Yesterday’s post at MasterResource described the failure of the 81st Texas Legislature (aka the “solar session”) to enact a new renewables mandate. Other big news is the rejection of an initial renewable (read solar, biomass) mandate by the Florida Legislature, as well as a sweetheart deal desired by Florida Power & Light (FPL). Nuclear and offshore drilling also came into play in the legislative debate as tie-in’s in the political environment.
All this is instructive for the current federal push for a National Electricity Standard (NES). Florida would be a loser in any national NES–especially given the prohibitive cost of converting sunshine into electricity in any sort of a major way. The age-old promises of solar breakthroughs are a mirage, and Enron’s 1994 contrived Solarex splash should not be forgotten.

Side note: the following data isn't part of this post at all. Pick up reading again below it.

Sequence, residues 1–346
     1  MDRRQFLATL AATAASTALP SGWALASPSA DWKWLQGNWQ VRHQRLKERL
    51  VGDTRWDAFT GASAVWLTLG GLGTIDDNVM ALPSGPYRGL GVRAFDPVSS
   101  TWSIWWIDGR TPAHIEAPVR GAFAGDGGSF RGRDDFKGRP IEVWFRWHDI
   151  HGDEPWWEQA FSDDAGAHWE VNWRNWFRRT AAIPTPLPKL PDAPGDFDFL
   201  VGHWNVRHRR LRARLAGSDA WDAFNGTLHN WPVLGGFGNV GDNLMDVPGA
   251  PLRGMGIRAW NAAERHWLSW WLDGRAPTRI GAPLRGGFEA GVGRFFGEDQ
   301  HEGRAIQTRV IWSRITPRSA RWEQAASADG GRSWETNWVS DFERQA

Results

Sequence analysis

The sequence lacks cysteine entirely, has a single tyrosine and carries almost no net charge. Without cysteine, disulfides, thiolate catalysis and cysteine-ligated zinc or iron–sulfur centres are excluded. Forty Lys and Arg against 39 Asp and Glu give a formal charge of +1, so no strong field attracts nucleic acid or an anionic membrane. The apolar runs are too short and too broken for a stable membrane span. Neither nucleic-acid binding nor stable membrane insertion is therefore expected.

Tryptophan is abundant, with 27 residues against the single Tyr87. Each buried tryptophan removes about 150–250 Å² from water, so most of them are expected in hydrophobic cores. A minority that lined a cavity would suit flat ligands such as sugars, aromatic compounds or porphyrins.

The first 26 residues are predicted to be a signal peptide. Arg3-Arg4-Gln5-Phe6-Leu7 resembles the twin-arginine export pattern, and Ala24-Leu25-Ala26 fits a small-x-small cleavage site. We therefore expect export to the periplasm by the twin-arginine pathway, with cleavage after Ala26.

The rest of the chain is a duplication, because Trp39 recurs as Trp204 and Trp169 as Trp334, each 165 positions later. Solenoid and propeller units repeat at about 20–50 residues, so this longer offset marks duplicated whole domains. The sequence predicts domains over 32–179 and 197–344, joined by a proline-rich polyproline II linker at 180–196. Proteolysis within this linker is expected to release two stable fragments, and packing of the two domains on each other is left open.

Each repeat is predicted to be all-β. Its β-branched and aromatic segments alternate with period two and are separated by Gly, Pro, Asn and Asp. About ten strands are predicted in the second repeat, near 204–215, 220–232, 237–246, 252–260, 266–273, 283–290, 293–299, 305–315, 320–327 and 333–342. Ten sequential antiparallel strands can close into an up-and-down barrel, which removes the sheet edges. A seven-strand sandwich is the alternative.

Solar hyberbole is decades old. Inevitably, every few months there are fresh headlines about significant cost reductions, insinuating that the competitive moment of solar panels is arriving. In a recent post at Climate Progress, for example, Joe Romm reports: “Solar prices set to fall by up to 40 per cent by year end.” Google “solar” and “advances” to see what you get for previous years and even decades!
But fossil-fuel technologies have advanced too, and the competitive gap between solar and hydrocarbons for generating electricity remains huge. DOE Secretary Stephen Chu told the New York Times recently that solar technology will have to get five times better than it is today to be part of the energy transformation that he and other alarmists think is necessary.
Why is “free” energy from the sun so expensive?…